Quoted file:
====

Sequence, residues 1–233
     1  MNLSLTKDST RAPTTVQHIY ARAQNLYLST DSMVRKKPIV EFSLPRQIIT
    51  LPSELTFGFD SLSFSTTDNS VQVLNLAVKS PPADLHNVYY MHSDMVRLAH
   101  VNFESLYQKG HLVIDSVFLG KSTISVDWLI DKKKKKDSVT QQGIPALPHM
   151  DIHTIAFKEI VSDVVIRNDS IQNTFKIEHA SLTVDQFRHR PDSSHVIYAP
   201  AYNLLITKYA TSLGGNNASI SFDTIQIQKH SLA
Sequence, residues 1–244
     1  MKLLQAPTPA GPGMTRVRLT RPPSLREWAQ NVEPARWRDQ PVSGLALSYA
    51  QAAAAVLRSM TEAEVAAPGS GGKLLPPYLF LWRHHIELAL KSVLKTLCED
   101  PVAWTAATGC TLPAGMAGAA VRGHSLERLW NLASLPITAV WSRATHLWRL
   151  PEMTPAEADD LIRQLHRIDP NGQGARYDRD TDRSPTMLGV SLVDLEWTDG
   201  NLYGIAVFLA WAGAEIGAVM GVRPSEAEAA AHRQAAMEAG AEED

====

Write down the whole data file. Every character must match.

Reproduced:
Sequence, residues 1–233
     1  MNLSLTKDST RAPTTVQHIY ARAQNLYLST DSMVRKKPIV EFSLPRQIIT
    51  LPSELTFGFD SLSFSTTDNS VQVLNLAVKS PPADLHNVYY MHSDMVRLAH
   101  VNFESLYQKG HLVIDSVFLG KSTISVDWLI DKKKKKDSVT QQGIPALPHM
   151  DIHTIAFKEI VSDVVIRNDS IQNTFKIEHA SLTVDQFRHR PDSSHVIYAP
   201  AYNLLITKYA TSLGGNNASI SFDTIQIQKH SLA
Sequence, residues 1–244
     1  MKLLQAPTPA GPGMTRVRLT RPPSLREWAQ NVEPARWRDQ PVSGLALSYA
    51  QAAAAVLRSM TEAEVAAPGS GGKLLPPYLF LWRHHIELAL KSVLKTLCED
   101  PVAWTAATGC TLPAGMAGAA VRGHSLERLW NLASLPITAV WSRATHLWRL
   151  PEMTPAEADD LIRQLHRIDP NGQGARYDRD TDRSPTMLGV SLVDLEWTDG
   201  NLYGIAVFLA WAGAEIGAVM GVRPSEAEAA AHRQAAMEAG AEED